Rudolf Sauter (1895 - 1977)

‘Not to be Removed’, circa 1940

SKU: 9869
15 1/4 x 22 3/4 in. (39 x 58 cm)

Height – 39cm x Width – 58cm


Private collection

This watercolour shows defences along the south coast during the Second World War – where invasion from
the sea was a constant fear. These defences include barbed wire entanglements and dragon’s teeth, used to
impede the movement of tanks. The white trail left behind by an aerial dog-fight hangs in the sky. 

During the War, Rudolf Sauter was an Army Welfare Officer under the South Eastern Command. Although
he was never an Official War Artist, he did witness a number of significant events – such as spud piers being
prepared for the Normandy landings – which informed his work. This watercolour shares some resemblance
with Eric Ravilious’ Coastal Defences at Newhaven, 1941, in the collection of the Birmingham Museum &
Art Gallery. 

Modern British Art Gallery are continually seeking to improve the quality of the information on their website. We actively undertake to post new and more accurate information on our stable of artists.

We openly acknowledge the use of information from other sites including Wikipedia, and and other public domains. We are grateful for the use of this information and we openly invite any comments on how to improve the accuracy of what we have posted.


Rudolf Sauter
1895 - 1977

Painter, printmaker, illustrator and poet. Father was Georg Sauter, an artist from Bavaria. During WW1 Rudolph was interned at Alexandra Palace, (from 1918-19), on account of the fact that his father Georg (who had already been interned in Prison in Wakefield in 1919) was German by birth. His mother was Lilian Galsworthy, daughter of John Galsworthy, the novelist and creator of The Forsyte Saga. Rudolph developed strong literary interests and illustrated John Galsworthy’s works. He painted a portrait of Galsworthy in 1927. He exhibited at the Royal Academy, the Royal Institute of Painters in Watercolours and the Pastel Society. When his work was shown at the Salon in Paris, he was awarded an Honourable Mention. His work was shown widely in the provinces and in America. He had one-man shows in London and New York.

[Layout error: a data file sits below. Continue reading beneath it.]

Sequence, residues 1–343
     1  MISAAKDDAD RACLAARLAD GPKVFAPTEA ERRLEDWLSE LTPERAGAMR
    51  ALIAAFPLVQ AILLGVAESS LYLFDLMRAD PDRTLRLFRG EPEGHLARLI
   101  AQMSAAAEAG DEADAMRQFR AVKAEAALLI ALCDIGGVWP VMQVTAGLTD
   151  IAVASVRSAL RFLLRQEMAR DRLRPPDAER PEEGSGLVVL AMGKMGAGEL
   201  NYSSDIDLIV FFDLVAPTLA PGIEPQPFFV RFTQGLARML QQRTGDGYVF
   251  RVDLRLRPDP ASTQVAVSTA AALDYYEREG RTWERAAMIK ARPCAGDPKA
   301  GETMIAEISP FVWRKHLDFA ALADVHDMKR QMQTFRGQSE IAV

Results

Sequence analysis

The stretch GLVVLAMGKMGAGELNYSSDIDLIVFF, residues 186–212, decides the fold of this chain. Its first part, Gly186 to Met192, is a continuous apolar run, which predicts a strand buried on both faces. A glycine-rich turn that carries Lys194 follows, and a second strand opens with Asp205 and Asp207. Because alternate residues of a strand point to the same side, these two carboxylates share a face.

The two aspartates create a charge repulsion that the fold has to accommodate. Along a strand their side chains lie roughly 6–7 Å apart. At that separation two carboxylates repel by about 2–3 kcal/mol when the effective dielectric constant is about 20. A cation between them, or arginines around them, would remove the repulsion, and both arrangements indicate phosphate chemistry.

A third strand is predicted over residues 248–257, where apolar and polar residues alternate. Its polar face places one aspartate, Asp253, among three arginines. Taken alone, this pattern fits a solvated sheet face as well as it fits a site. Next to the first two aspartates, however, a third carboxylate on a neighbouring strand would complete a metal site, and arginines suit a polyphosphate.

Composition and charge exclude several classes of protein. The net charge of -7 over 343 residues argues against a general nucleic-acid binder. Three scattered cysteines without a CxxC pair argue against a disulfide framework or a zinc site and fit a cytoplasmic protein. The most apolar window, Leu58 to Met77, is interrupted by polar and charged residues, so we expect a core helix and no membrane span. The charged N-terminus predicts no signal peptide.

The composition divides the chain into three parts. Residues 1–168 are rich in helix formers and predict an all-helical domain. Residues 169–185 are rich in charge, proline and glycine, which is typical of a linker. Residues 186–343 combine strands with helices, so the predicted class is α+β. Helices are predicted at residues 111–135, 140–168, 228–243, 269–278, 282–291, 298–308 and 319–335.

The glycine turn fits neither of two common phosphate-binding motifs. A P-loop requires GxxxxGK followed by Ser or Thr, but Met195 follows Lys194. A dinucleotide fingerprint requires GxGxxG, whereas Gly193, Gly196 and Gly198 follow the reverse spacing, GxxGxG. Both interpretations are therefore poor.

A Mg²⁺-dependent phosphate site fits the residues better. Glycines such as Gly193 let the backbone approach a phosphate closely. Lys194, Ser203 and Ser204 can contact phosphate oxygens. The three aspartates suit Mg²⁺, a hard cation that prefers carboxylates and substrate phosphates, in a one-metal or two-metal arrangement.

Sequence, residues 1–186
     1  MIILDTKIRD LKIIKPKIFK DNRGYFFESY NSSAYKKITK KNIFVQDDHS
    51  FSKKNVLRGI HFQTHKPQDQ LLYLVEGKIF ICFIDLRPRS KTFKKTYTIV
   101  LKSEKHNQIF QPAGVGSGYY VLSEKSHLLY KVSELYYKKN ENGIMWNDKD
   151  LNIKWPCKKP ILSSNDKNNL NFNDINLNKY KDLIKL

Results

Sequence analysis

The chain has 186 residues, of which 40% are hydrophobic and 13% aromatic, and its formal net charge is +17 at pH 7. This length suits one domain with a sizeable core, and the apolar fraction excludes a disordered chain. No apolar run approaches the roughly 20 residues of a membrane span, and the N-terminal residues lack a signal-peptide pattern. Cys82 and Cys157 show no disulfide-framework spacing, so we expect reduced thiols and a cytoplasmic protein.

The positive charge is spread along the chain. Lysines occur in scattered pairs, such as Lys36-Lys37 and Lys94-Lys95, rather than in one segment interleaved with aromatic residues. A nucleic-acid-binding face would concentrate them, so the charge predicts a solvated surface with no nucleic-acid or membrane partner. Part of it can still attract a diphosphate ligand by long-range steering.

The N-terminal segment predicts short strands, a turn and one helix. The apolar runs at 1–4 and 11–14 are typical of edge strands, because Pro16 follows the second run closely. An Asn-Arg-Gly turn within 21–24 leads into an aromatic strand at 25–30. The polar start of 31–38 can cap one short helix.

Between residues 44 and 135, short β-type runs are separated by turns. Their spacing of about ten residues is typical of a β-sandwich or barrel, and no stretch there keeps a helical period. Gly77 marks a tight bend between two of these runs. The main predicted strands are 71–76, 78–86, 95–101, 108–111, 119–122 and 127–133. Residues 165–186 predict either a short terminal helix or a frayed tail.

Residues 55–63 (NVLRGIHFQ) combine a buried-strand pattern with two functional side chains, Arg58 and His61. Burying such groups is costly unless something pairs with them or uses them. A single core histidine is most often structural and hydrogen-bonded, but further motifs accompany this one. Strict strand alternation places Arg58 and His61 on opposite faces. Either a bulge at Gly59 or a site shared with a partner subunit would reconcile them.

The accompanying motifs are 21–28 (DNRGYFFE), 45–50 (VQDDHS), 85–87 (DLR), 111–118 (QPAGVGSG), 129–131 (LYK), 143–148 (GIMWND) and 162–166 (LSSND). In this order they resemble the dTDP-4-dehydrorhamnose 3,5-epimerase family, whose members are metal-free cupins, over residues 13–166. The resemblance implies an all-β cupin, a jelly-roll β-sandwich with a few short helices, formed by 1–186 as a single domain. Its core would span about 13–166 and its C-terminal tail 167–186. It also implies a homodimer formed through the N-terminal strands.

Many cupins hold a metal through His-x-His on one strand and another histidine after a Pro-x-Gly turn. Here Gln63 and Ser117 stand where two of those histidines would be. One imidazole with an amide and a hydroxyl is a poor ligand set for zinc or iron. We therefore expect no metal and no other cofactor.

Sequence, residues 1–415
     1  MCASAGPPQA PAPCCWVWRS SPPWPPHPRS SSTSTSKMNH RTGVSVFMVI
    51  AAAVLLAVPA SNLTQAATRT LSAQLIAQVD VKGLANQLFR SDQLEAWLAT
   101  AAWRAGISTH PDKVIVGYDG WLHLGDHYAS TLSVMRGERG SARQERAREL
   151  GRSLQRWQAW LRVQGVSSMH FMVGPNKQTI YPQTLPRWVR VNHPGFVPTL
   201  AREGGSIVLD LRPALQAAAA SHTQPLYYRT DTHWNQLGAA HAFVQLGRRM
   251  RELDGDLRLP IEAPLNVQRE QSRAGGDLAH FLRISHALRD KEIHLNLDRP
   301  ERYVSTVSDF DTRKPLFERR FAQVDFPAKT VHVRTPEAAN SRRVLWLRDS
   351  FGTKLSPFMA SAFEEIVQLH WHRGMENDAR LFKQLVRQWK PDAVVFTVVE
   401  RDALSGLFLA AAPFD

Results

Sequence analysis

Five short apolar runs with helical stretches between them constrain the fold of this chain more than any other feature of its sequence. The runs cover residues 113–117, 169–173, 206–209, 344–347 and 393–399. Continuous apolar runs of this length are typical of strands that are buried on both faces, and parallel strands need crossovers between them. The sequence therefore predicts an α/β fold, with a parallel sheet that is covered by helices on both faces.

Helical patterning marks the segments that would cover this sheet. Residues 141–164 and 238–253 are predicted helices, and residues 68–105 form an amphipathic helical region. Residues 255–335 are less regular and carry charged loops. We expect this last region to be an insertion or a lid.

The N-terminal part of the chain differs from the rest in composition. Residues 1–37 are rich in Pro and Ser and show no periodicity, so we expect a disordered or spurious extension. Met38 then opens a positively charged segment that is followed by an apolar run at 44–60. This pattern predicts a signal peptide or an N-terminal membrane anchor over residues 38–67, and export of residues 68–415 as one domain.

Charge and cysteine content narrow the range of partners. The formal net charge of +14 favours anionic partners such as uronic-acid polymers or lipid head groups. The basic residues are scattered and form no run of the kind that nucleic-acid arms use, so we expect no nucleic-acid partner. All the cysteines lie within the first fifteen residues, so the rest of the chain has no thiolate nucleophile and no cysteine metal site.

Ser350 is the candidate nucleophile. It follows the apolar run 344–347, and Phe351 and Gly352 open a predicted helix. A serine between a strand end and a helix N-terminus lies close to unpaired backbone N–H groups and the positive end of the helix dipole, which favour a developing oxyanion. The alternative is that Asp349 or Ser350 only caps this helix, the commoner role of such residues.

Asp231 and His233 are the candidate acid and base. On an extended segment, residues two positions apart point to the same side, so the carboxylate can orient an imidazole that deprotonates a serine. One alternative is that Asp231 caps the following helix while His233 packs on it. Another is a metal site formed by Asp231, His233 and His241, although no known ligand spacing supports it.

His work is held by the National Portrait Gallery, the RWA and the Ferens Art Gallery in Hull. Much of his work was destroyed by a fire in the 1980s. There is a significant collection in private hands in South Africa. Although mostly a figurative painter, late in life he did a series of pastel abstracts. He celebrated his eightieth birthday with a glider flight. He lived at FORT WILLIAM, Butterow, near Stroud, Gloucestershire.

With thanks to


Rudolf Sauter (1895 - 1977)
Searchlights along the Thames Estuary, October 1940


Rudolf Sauter (1895 - 1977)
WW2 -Three Spud piers being prepared for the D-Day Normandy Landings, circa 1944.


Rudolf Sauter (1895 - 1977)
Two Spud piers being prepared for the D-Day Normandy Landings, circa 1944.


Rudolf Sauter (1895 - 1977)
The Retreat Pub Ledbury, 1950’s


Rudolf Sauter (1895 - 1977)
View from an aeroplane, over snow-capped Sierras, 1959


Rudolf Sauter (1895 - 1977)
Landscape around Stroud


Rudolf Sauter (1895 - 1977)
Spud piers with dazzle camouflage being prepared for the D-Day Normandy Landings


Rudolf Sauter (1895 - 1977)
Bird’s-eye view over the Wing of an Aeroplane, circa 1945 (recto and verso)


Rudolf Sauter (1895 - 1977)
Quarry processing plant


Rudolf Sauter (1895 - 1977)
Around the Malvern Hills


Rudolf Sauter (1895 - 1977)


Rudolf Sauter (1895 - 1977)
The artist’s wife Viola with a parasol, circa 1920


Rudolf Sauter (1895 - 1977)
Portrait of Arthur William Symons (British poet, critic and translator), 1935


Rudolf Sauter (1895 - 1977)
Four masted Barque


Rudolf Sauter (1895 - 1977)
Lilian Sauter Galsworthy, the artist’s mother, 1923


Rudolf Sauter (1895 - 1977)
The artist’s wife Viola, 1924